With a global population of ± 7.6 billion; youths between the ages of 15 and 29 currently constitute the largest group in the world, accounting for a third of the world’s population. In turn, contributing to a phenomenon called the ‘youth bulge’. The positive in this lies in the fact that youths from the ages 18 to 29 have the ability to participate actively in the job market and become economic players. However, like anything in life, within the positive lies an almost unsurmountable negative, this negative comes in the form of a number of societal challenges and limitations such as; failing education systems; low to unequal levels of access to resources; opportunities, health as well as language and culture. So, with all these limitations, how do these youths get absorbed into the job market?
With governments the world over scrambling for quick-fix solutions to create employment opportunities to absorb these youths, the current saviour to this phenomenon seems to be entrepreneurship. But entrepreneurship is not without its challenges and research into the topic is filled with negative results that all speak of the many barriers and obstacles, highlighting stats around failure, and how really difficult it is to succeed. I mean it’s a known fact that most entrepreneurs don’t make it past their third year. Whatever the cause, entrepreneurs themselves readily tell you that the biggest reason for their failure lies in governments and various stakeholders’ failure to cultivate the spirit of entrepreneurship by providing the necessary framework to open-up industries for all.
The red-tape, legislation, taxes and regulation, monopolisation as well as the lack of funding and mentorship from a support perspective, all limit and subdue the progress and creativity of young entrepreneurs. These factors ultimately form barriers of entry that force these entrepreneurs to remain spectators and almost certainly deny them access. One industry that is doing its fair share to lessen the barriers for would be entrants is the fashion industry, don’t get me wrong this industry is not without its challenges, like all industries, it has its own challenges. The lack of funding, access, exposure, mentorship and the guidance especially needed to establish brands are pivotal issues.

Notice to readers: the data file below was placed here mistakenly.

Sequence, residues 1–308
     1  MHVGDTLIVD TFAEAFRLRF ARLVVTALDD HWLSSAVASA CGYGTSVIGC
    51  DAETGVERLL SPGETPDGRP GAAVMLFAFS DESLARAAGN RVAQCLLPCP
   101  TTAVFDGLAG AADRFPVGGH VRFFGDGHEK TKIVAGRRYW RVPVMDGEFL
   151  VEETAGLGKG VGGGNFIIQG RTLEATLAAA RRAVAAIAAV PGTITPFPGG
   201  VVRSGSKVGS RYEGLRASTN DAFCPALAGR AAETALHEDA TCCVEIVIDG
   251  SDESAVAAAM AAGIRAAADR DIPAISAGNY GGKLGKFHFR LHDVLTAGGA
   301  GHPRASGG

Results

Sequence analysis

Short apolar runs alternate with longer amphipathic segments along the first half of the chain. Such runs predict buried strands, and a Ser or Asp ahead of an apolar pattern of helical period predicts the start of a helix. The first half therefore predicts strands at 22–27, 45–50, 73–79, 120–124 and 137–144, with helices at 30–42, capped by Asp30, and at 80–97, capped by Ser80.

At the SAFW 2018 MINI Scouting Menswear competition I bumped into one of South Africa’s rising stars, Sipho Mbuto of the brand SiphoMbuto; which is a locally produced high-end label. Sipho studied fashion design at The Durban University of Technology and he some serious gongs to his name, having won the Best Menswear Range Award and The Gideon Merit Award. In 2017, he was a finalist at student SA Fashion Week. At the age of 25 he was one of the youngest finalists at this year’s MINI Scouting competition. Our meeting provided a platform to ask some questions about the plight of young entrepreneurs in the fashion industry. Sipho was all too eager to offer his thoughts and this is what he had to say, “The private sector can always do more. It is difficult to establish a brand and finance can be hard to come by, but I also feel that a lot is being done to open up our industry and support us as young designers.” Sipho continued to state, “I truly thank companies like MINI, GQ and SAFW for providing us with platforms like these. That give us a view of how the industry operates as young designers. To establish a brand is not easy, it takes a lot of experience, also in terms of finance you must be stable. Competitions like these offer one exposure. The ability to mix with amazing experienced creatives and designers is also great.”
The solution to creating employment and the current saviour to this phenomenon seems to be youth entrepreneurship. Creating employment opportunities, boosting economic participation, economic competitiveness and development. The call for various stakeholders – to open up the industry for new players, with new ways of thinking and new philosophies; and diversity not just in culture and background but diversity of ideas – is a universal one. This diversity in ideas has been dubbed the new creative economy and can only be achieved through diverse minds. This can only be unlocked when these industries open up to allow for new and young entrants
Writer: Mthobisi Dladla